14 points
  14. These are the last photos of my latest model, the Ermolayev Er-2. I started this kit a long time ago, but after closing the fuselage and putting on the wings I gave up. It was left collecting dust in a corner of the shelf for about ten years. Then I finally decided to face it. It was not a much fun work, but I liked the result. BUT... Just after these few photos were taken, the board I used as background fell over the model. Now the model with its broken pieces came back to that corner of the shelf. Do you believe in fate? bad luck? curse? And the the real thing...
    13 points
  15. I've been building the IOM Po-2 here. I made the Summer ambulance version and promised myself an RFI when I'd painted up some Zvezda Soviet ground crew to go with it. Things didn't quite go to plan, and I ended up building another Po-2 in Winter camouflage and skis. I did get the ground crew done, so here they are looking after both versions. Summer: And Winter: Thanks for looking, Adrian
    13 points
  16. Thanks Bill I won't leave it at all! See below… Thanks Ali Thanks Adrian The putty always looks like some Monster from the Lagoon doesn't it? Weird stuff. Thanks Mark Sorry to hear you're having to wait - but we've yet to see how the vaccines will allow us to get to a 'new normal'. Strange times. Thanks Johnny Masking off. Just a few mistakes here: …which I'm not bothered about but this: …and this: … have been touched up. Now I need to wait for the paint to dry, again, and then the gloss so I've started this: Come on over!
    13 points
  17. Hi all, calling this build done; it was a blast down memory lane, as I am sure it was for quite a few of you over 50 years. I painted the Fireflash in Tamiya LP6 Pure blue and Mr Color Super Metallic's super iron 2 with 30 drops of LP-6 to give me a bluish tinge to the silver. My plan was to mount the plane on fibre optic strands that had been epoxied into the tops of each Elevator car. 1.8mm strand was stiff enough to hold up the plane, I did not glue them into the fuselage so that I can remove the Fireflash for easy transport. I super glued the cars to the base. Overall I am delighted how this kit came out and I would like to thank everyone for their support and comments. Stay tuned for Thunderbird 2 coming soon!
    12 points
  18. Hello, Here goes another little bird in 72nd F-5E Tiger II Adversary - VFC-13 Fighting Saints Fighter Squadron Composite (VFC-13) Saints is a US Navy fighter squadron that provides adversary training for U.S. Navy air wings at NAS Fallon, Nevada. The unit's mix of 23 F-5E, F-5F and F-5N aircraft are all painted in a variety of colorful adversary schemes of blue, gray, or brown camouflage. Fighter Squadron Composite (VFC-13) Saints is a US Navy fighter squadron that provides adversary training for U.S. Navy air wings at NAS Fallon, Nevada. The unit's mix of 23 F-5E, F-5F, and F-5N aircraft are all painted in a variety of colorful adversary schemes of blue, gray, or brown camouflage. This HobbyBoss kit was released in 2011 and it is a re-box of an old Trumpeter kit from 1999, but for only $12 Australian dollars is a real bargain!. Average to a bad fit, especially between the wings and the fuselage as well as the air intakes, but overall I'm quite pleased with the final result. As usual, painting with AK Real Colors, Tamiya Acrylics, and weathering with Abteilung 502 oil paints. Thanks for looking Reference photo: Cheers Jorge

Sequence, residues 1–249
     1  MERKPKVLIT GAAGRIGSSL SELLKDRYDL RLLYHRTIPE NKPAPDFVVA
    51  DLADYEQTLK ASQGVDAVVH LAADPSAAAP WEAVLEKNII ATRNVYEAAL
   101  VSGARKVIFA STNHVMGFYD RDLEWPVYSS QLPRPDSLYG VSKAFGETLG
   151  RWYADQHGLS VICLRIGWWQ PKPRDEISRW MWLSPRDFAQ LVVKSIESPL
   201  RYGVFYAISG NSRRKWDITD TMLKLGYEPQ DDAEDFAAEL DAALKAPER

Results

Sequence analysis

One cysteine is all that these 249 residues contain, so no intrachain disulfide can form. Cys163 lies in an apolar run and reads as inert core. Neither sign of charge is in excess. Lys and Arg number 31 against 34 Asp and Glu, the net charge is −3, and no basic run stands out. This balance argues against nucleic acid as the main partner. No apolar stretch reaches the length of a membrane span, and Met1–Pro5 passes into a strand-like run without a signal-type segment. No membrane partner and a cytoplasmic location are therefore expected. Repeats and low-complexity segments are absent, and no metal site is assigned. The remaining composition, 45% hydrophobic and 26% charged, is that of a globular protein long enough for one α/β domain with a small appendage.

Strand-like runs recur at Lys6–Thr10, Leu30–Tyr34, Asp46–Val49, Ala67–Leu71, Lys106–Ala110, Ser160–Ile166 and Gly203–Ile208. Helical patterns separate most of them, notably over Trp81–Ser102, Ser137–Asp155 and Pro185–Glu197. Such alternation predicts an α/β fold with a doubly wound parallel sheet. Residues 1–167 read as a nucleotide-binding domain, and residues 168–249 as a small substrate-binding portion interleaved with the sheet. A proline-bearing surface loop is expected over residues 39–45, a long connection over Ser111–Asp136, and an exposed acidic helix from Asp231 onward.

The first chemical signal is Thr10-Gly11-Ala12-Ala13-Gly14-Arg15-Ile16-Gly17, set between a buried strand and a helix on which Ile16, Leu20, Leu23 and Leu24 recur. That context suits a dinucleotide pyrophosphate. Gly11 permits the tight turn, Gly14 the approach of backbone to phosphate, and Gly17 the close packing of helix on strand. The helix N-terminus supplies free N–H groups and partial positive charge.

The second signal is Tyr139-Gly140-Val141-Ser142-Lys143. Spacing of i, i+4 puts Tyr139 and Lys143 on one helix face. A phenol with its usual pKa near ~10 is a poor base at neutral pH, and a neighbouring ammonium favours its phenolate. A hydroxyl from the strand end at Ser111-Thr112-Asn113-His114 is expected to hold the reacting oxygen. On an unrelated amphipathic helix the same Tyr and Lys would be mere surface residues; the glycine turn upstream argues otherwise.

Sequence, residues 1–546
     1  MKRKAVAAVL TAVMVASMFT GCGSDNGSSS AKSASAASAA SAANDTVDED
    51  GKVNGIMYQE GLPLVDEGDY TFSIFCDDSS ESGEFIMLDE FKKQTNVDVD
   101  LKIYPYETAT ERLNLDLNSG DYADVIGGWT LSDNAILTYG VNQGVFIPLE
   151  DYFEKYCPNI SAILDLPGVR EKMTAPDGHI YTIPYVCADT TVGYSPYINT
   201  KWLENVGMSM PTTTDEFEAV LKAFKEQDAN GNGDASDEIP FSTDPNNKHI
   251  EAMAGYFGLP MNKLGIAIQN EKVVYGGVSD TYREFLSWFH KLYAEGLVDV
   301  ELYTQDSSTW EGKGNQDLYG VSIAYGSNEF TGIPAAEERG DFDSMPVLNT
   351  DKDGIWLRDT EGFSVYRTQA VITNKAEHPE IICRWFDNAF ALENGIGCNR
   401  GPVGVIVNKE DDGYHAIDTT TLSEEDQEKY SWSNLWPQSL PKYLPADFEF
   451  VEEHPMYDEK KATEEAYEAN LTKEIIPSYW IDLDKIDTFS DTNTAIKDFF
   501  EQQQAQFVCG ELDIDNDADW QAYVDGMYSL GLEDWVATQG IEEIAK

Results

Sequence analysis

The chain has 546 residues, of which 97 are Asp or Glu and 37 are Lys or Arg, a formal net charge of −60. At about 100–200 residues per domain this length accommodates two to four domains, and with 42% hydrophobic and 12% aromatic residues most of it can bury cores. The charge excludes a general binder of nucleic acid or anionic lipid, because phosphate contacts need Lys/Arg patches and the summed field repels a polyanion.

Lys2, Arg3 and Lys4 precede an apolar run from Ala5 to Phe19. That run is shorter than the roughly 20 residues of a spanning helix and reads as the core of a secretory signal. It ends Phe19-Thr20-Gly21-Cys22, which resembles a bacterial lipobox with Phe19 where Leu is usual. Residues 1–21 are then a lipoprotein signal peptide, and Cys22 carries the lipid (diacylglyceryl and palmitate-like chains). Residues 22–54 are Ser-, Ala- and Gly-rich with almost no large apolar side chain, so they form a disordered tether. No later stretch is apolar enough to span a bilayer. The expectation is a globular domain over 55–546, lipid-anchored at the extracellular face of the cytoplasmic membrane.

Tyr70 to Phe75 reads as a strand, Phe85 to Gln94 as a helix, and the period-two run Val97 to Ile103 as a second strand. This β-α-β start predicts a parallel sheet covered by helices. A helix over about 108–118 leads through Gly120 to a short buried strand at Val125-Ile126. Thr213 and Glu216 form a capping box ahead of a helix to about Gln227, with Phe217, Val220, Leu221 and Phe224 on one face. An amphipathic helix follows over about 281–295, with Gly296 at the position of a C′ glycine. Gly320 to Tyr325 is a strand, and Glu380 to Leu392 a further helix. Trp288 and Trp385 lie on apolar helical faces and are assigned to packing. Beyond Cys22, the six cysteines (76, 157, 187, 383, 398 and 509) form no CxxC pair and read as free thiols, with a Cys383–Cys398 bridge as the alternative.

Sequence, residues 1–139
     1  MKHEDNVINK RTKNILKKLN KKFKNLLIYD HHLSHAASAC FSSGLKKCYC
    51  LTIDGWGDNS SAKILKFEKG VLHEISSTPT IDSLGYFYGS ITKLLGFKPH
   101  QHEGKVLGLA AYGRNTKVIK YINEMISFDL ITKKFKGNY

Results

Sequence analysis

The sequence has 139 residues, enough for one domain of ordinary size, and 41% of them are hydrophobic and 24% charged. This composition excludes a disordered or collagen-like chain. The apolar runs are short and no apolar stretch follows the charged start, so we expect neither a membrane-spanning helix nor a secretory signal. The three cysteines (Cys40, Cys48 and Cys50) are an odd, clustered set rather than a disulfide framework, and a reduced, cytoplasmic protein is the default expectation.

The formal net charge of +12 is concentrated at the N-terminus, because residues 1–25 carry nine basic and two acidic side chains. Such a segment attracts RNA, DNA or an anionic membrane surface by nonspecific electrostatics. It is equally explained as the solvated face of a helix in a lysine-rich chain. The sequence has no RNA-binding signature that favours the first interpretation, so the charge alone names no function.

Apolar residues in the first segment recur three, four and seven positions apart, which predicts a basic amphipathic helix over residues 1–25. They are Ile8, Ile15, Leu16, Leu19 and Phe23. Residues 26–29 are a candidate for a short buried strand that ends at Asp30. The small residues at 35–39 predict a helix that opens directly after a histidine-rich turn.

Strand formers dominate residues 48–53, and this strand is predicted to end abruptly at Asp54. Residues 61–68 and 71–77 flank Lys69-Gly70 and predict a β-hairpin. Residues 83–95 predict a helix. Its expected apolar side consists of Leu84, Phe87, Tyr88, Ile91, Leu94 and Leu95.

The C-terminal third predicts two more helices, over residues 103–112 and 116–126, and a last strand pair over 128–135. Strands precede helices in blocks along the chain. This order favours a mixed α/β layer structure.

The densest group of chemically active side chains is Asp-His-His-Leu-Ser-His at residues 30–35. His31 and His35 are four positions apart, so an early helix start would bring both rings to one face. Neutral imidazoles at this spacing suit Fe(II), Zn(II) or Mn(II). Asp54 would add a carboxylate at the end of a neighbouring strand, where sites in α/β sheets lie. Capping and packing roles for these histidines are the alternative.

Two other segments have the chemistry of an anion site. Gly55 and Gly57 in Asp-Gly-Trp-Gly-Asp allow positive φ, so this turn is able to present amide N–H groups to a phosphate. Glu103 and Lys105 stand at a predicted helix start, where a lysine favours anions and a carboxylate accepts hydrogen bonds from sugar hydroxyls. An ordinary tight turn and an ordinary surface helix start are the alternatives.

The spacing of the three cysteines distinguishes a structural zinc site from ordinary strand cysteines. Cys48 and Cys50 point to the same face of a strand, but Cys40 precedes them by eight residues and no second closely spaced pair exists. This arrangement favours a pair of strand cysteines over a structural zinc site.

11 points
  19. I was digging around in my old box of figure parts and found this one about 80% complete. I think I set him aside after he got accidentally dusted with overspray while I was airbrushing another model. The damage wasn't too bad and only took a couple blue glazes to get rid of the dusty overspray. Then it was painting his accessories and glueing them on, painting his base and boom, one more old project finished. I have plenty of reference books but no real knowledge about Napoleonic uniforms, so his kit might not be correct. Not much I can say that hasn't been said a hundred times about these kits, they are just great.
    11 points
  20. An excellent choice T-21! Thats' exactly what I did with my Heller one (although I never did get around to finishing the base!) - my father was an airframe fitter on Hunters at Pembrey 1956-57. I also did some profile artwork for a D&V Tempest book a few years ago and made sure to inlcude a 233 OCU TT.5 in that too!
    11 points
  21. First for 2021 Meng 1/48 F-35A! JTY
    10 points